Fringe benefits and open issues

Written by Parizad Sirwalla | Updated: Feb 12 2008, 05:02am hrs
Effective April 1, 2007, financial benefits granted through the allotment or transfer of securities under an employee stock option plan (Esop) were brought under the fringe benefit tax (FBT) net in India. The Central Board of Direct Taxes, vide circular no 9/2007 dated December 20, 2007, has issued several clarifications on the taxability of Esops. In case of a foreign company allotting shares to employees of its Indian subsidiary, for example, the FBT liability is borne by the Indian employer. A truly welcome clarification in the circular relates to globally mobile employees. In the case of those who are based in India only for a part of the grant period (the time span between the grant and the vesting dates), the proportionate amount in accordance with the length of stay would attract FBT.

Shall we heave a sigh of relief Not quite. There are still some pending issues which need to be addressed. What about the reverse case Would FBT be triggered on the allotment of shares by an Indian parent company to employees of an overseas branch/subsidiary that has no employees based in India Similarly, there is no clarity on whether FBT would apply in case of an allotment of shares by an Indian company to its own employees deputed to work at an overseas branch/subsidiary. If yes, which entity would be liable to discharge the FBT obligation Will the stay of the employees outside India during the period between grant and vesting be excluded for the purpose of computing the fringe benefit

However much we try to draw inferences from the clarifications issued in the circular on the tax treatment for foreign company Esop plans, we are left with loose ends.

There is also no specific clarification on the interpretation of the term employees based in India. Is it only the employees length of stay during the grant period (that is, from the date of grant to the date of vesting of the option), irrespective of the intention of stay, that acts as the qualifying principle Does it need to have a nexus with services rendered by the employee in India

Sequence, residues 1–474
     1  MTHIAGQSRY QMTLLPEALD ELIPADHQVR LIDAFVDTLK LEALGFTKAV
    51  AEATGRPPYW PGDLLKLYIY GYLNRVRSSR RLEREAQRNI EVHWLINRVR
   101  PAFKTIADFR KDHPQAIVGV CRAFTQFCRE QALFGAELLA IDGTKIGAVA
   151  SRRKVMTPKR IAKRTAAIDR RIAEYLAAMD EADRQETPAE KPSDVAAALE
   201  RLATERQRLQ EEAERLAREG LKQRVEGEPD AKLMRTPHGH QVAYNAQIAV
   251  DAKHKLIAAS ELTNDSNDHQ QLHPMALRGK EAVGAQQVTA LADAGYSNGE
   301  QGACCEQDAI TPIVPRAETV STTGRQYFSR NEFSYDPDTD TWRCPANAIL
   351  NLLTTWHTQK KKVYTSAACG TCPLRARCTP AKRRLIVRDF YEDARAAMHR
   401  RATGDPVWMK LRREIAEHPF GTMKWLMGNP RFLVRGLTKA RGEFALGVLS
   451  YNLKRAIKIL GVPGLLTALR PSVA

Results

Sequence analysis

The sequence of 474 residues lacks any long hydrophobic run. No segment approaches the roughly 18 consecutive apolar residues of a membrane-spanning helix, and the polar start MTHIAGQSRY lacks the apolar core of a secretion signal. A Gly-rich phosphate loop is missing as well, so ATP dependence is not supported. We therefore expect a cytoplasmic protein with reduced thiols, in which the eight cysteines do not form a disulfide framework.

Consider a case of Mr X, an employee of a foreign subsidiary who is a beneficiary under an Esop plan of its Indian parent. Now, Mr X visits India only for vacation (which falls within the period between grant and vesting), and there are no other employees of the foreign subsidiary based in India. Would this trigger FBT

Or, take another hypothetical case of Mr Y, who is a senior employee of a foreign subsidiary and has been granted Esops of the Indian parent company. If Mr Y extensively visits India for business reasons and these visits fall between the period between grant and vesting, will FBT be payable (though no services are really rendered by Y in India)

Similar questions arise in situations where employees of the Indian parent company entitled to Esops are either travelling abroad on specific business visits or on vacation.

On the matter of an employee claiming credit overseas for the FBT paid in India, a view has been expressed in the circular that the FBT paid by the employer in respect of an employee based in India and recovered from him is effectively paid by the employee. However, the employer and the employee being treated as separate taxpayers both in India and in overseas jurisdictions, it would be difficult for the employee to get a credit in the overseas jurisdiction on the FBT ultimately recovered from him.

In case of Esops issued by foreign listed companies, it has been clarified that merchant bankers can use the listed price as a valuation basis and recommend the best value. In this context, foreign companies with shares listed on overseas stock exchanges will face a lot of issues. It might be a better proposition to simply use the listed price on an overseas stock exchange as the basis of valuation for FBT purposes.

The author is director, BSR & Co. These are her personal views